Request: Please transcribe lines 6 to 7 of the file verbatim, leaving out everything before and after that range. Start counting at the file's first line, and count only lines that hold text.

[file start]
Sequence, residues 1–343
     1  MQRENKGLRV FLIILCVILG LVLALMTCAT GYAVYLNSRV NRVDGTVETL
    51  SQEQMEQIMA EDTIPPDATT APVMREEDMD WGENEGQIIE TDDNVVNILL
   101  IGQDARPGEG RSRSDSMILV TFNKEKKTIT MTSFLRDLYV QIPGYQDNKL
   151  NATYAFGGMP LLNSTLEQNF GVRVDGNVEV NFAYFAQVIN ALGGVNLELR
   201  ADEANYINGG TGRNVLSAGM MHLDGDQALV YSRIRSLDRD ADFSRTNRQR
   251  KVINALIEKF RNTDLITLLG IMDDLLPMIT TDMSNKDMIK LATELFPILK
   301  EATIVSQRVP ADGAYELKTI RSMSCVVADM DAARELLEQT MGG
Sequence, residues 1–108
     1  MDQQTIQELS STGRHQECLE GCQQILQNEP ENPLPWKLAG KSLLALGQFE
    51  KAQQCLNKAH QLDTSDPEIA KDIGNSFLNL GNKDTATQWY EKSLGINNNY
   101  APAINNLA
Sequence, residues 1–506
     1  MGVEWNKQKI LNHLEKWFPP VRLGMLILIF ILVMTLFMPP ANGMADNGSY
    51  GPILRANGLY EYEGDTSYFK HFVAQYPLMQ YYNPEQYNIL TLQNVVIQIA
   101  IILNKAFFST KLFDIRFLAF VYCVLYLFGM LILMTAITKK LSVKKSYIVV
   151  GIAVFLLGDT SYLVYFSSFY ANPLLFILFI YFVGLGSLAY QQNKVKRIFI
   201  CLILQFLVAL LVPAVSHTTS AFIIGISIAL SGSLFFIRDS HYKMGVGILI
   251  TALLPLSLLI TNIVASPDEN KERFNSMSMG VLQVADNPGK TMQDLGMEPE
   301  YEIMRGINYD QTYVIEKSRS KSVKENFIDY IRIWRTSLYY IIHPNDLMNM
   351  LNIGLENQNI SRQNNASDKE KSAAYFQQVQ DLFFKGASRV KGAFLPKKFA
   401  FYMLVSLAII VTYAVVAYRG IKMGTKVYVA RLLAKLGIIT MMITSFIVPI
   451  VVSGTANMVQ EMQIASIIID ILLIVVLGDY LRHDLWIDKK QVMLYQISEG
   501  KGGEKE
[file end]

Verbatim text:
   201  ADEANYINGG TGRNVLSAGM MHLDGDQALV YSRIRSLDRD ADFSRTNRQR
   251  KVINALIEKF RNTDLITLLG IMDDLLPMIT TDMSNKDMIK LATELFPILK